The NHL reached out to Hotopp about the Winter Classic in the spring. Not only is the company based in Seattle, it has worked at NHL events before, and with the Kraken since they joined the league as an expansion team in 2021-22. Wychanski and his team knew the scene.
“They did a lot of visualization based on all the assets we gave them, and they came back with the set pieces you see here,” Conway said.
Hotopp had talked to the Kraken about using the shipwreck in some form in the past but never did so, so Wichansky pitched the idea to NHL chief content officer Steve Mayer.
“He was like, 'Oh, yeah, that's cool,'” Wychanski said. “And then it just became a matter of knowing technically how to do it, and where to put it.”
A baseball stadium has more empty space to fill than a football field, and the first row of bleachers is particularly high in left field and center field at T-Mobile Park. This means that the NHL can place objects on the field that can stand taller than normal without affecting sight lines.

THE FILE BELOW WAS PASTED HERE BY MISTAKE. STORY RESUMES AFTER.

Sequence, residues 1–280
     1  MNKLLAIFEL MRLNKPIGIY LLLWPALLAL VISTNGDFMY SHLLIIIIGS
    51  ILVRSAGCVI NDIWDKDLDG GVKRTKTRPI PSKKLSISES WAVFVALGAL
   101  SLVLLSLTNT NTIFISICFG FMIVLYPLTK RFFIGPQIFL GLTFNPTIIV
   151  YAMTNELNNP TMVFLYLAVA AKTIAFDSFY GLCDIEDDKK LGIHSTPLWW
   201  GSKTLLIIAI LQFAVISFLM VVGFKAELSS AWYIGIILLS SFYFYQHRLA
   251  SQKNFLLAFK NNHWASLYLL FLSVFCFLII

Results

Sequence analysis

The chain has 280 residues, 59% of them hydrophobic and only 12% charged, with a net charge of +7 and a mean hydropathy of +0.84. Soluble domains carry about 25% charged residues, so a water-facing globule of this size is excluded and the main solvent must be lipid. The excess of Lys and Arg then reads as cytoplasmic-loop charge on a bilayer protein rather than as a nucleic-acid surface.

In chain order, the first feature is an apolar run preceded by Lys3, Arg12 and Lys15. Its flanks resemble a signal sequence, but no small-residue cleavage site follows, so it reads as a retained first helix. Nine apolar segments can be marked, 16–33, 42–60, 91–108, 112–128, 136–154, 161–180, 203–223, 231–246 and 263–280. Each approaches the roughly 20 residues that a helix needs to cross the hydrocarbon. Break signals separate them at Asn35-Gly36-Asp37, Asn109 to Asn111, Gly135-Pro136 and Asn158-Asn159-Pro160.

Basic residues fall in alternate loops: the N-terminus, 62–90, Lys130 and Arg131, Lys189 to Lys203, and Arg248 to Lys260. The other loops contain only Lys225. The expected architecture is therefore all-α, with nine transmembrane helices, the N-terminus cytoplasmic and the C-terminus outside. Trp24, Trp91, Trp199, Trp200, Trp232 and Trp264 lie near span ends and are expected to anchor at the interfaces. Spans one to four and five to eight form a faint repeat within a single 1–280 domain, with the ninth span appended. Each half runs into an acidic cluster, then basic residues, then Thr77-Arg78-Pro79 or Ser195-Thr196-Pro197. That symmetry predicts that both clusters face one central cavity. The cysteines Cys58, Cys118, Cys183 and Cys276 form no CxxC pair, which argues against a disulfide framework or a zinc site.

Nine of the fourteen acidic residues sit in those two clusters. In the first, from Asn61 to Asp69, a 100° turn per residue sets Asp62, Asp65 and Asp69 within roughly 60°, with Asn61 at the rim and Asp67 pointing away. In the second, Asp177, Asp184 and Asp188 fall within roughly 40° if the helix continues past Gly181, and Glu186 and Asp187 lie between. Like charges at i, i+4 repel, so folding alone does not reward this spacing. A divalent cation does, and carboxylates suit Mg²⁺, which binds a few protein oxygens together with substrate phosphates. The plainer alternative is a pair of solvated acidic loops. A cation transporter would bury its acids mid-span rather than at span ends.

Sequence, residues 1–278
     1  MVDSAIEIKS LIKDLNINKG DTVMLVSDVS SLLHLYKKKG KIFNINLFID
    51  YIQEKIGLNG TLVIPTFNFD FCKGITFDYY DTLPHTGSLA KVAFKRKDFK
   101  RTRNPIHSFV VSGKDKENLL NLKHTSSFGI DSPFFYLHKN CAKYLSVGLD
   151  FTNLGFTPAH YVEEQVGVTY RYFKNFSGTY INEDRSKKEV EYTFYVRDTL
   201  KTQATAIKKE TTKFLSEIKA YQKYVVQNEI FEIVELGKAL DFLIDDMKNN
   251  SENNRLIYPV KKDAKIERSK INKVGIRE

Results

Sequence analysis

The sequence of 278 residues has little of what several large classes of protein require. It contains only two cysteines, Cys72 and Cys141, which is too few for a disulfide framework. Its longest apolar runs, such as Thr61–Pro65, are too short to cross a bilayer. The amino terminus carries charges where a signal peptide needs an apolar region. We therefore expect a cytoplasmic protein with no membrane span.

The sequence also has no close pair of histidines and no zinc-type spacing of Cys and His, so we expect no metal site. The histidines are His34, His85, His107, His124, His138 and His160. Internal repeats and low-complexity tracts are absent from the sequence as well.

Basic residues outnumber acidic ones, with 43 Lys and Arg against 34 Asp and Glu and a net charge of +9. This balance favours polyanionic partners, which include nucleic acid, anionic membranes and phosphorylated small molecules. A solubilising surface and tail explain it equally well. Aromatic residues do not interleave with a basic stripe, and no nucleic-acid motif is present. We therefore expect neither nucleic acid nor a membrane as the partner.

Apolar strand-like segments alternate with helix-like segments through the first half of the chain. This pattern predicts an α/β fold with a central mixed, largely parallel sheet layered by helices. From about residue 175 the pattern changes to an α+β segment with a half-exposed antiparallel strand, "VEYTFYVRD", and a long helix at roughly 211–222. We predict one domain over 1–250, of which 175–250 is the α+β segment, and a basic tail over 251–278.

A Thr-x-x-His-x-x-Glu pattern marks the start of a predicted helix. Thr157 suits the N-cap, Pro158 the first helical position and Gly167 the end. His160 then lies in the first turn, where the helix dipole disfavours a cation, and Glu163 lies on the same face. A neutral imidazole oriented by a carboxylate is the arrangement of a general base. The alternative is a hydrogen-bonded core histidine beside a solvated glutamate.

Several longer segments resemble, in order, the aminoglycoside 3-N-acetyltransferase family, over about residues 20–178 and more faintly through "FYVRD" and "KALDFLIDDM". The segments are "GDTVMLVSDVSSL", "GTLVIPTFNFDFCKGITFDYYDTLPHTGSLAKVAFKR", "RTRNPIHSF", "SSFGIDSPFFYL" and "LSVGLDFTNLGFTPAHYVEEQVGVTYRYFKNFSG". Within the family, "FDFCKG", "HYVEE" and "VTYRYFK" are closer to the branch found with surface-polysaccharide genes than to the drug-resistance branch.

“We do line-of-sight studies throughout the entire field design, usually maxing out at about 4 or 5 feet,” said Greg Mueller, NHL vice president of creative services. “This creates that opportunity to build bigger.”
The TNT group will turn left and disguise itself as a boat house. The shipwreck will go to the center. Wichansky and about half his staff have a background in theatrical set design, and they teamed up with the Seattle Shakespeare Company to do just that.
“Beer enthusiast. Subtly charming alcohol junkie. Wannabe internet buff. Typical pop culture lover.”